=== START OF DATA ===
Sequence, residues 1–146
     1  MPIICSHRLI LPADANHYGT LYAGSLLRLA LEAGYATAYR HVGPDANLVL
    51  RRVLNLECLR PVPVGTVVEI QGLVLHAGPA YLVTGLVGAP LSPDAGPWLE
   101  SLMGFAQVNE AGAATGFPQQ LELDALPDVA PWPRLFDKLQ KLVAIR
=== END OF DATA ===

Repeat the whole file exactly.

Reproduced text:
Sequence, residues 1–146
     1  MPIICSHRLI LPADANHYGT LYAGSLLRLA LEAGYATAYR HVGPDANLVL
    51  RRVLNLECLR PVPVGTVVEI QGLVLHAGPA YLVTGLVGAP LSPDAGPWLE
   101  SLMGFAQVNE AGAATGFPQQ LELDALPDVA PWPRLFDKLQ KLVAIR